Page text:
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CURATOR
A pinboard by
Jingzhe Wu

PhD candidate, University of Maryland

PINBOARD SUMMARY

Economical testing and control approaches to enhance structural seismic performance with SSI effect

Structural seismic behavior can be significantly different when includes the effect of soil structure interaction (SSI), which potentially decreases the effectiveness of seismic control design with traditional fixed-base assumption. Therefore, it is of great necessity to include SSI effect into analysis and design consideration to enhance structural seismic performance. My research focuses on developing economical control approach to enhance structural performance under earthquake excitation with SSI effect. Such approaches include passive or with on-off feature, are targeted for superstructure or foundation soil, based on geometric nonlinearity of elastic buckling mode jump or magnetorheological mechanism. Further, the inherent nonlinear and complex behavior of soil still remains as a challenge for seismic control analysis and design including SSI effect. My research also works on developing a real-time hybrid simulation approach to capture the foundation-soil-structural interaction behavior. With the most complex and nonlinear foundation-soil substructure under physical testing and interface interaction communicate between physical model and superstructure in numerical simulation, it can serve as a more accurate combined testing and analysis tool for seismic performance control design including SSI effect.

7 ITEMS PINNED

Centrifuge modeling to evaluate natural frequency and seismic behavior of offshore wind turbine considering SFSI

Abstract: Understanding of dynamic response of offshore wind turbine is important to reduce vibration of offshore wind turbine induced by structural and environmental loadings. Although dynamic characteristics of the offshore wind turbine such as natural frequency and seismic behavior are affected by foundation and soil conditions, there are little experimental studies about the dynamic behavior of offshore wind turbine with consideration of proper soil–foundation–structure interaction (SFSI). The goal of this research is to evaluate the natural frequency and seismic behavior of offshore wind turbine with a monopod foundation considering SFSI. Scaled model of offshore wind turbine and monopod foundation is produced for this research. Geotechnical centrifuge tests in fixed-based and SFSI condition were performed to measure natural frequency in each case. Also, a series of seismic loadings with different intensities are applied to observe seismic behaviors of the offshore wind turbine during the earthquake and permanent changes after the earthquake. Experimental results show apparent natural frequency reduction in SFSI condition compared with the fixed-based condition, non-linear changes in dynamic response during a series of earthquakes and permanent changes occurred in natural frequency and rotational displacement after earthquakes. Copyright © 2017 John Wiley & Sons, Ltd.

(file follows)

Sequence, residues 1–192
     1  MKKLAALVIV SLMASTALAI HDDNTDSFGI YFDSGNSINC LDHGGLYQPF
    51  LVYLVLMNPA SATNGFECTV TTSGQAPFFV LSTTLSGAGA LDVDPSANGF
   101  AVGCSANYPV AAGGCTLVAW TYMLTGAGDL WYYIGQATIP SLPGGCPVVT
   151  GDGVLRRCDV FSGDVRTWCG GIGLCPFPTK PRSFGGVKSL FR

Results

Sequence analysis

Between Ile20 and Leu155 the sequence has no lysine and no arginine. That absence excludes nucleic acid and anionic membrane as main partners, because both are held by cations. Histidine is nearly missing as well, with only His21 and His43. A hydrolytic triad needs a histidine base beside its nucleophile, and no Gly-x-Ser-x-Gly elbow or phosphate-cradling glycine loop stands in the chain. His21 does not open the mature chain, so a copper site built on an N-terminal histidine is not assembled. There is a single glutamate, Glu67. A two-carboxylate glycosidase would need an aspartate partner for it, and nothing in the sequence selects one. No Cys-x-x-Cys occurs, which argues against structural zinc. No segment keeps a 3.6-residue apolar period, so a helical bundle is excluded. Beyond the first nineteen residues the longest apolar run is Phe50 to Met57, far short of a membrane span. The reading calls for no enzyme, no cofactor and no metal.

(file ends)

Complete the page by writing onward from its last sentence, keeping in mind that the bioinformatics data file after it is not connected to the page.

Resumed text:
Pub.: 28 Jun '17, Pinned: 05 Jul '17

Hybrid simulation theory for a classical nonlinear dynamical system

Abstract: Hybrid simulation is an experimental and computational technique which allows one to study the time evolution of a system by physically testing a subset of it while the remainder is represented by a numerical model that is attached to the physical portion via sensors and actuators. The technique allows one to study large or complicated mechanical systems while only requiring a subset of the complete system to be present in the laboratory. This results in vast cost savings as well as the ability to study systems that simply can not be tested due to scale. However, the errors that arise from splitting the system in two requires careful attention, if a valid simulation is to be guaranteed. To date, efforts to understand the theoretical limitations of hybrid simulation have been restricted to linear dynamical systems. In this work we consider the behavior of hybrid simulation when applied to nonlinear dynamical systems. As a model problem, we focus on the damped, harmonically-driven nonlinear pendulum. This system offers complex nonlinear characteristics, in particular periodic and chaotic motions. We are able to show that the application of hybrid simulation to nonlinear systems requires a careful understanding of what one expects from such an experiment. In particular, when system response is chaotic we advocate the need for the use of multiple metrics to characterize the difference between two chaotic systems via Lyapunov exponents and Lyapunov dimensions, as well as correlation exponents. When system response is periodic we advocate the use of L2 norms. Further, we are able to show that hybrid simulation can falsely predict chaotic or periodic response when the true system has the opposite characteristic. In certain cases, we are able to show that control system parameters can mitigate this issue.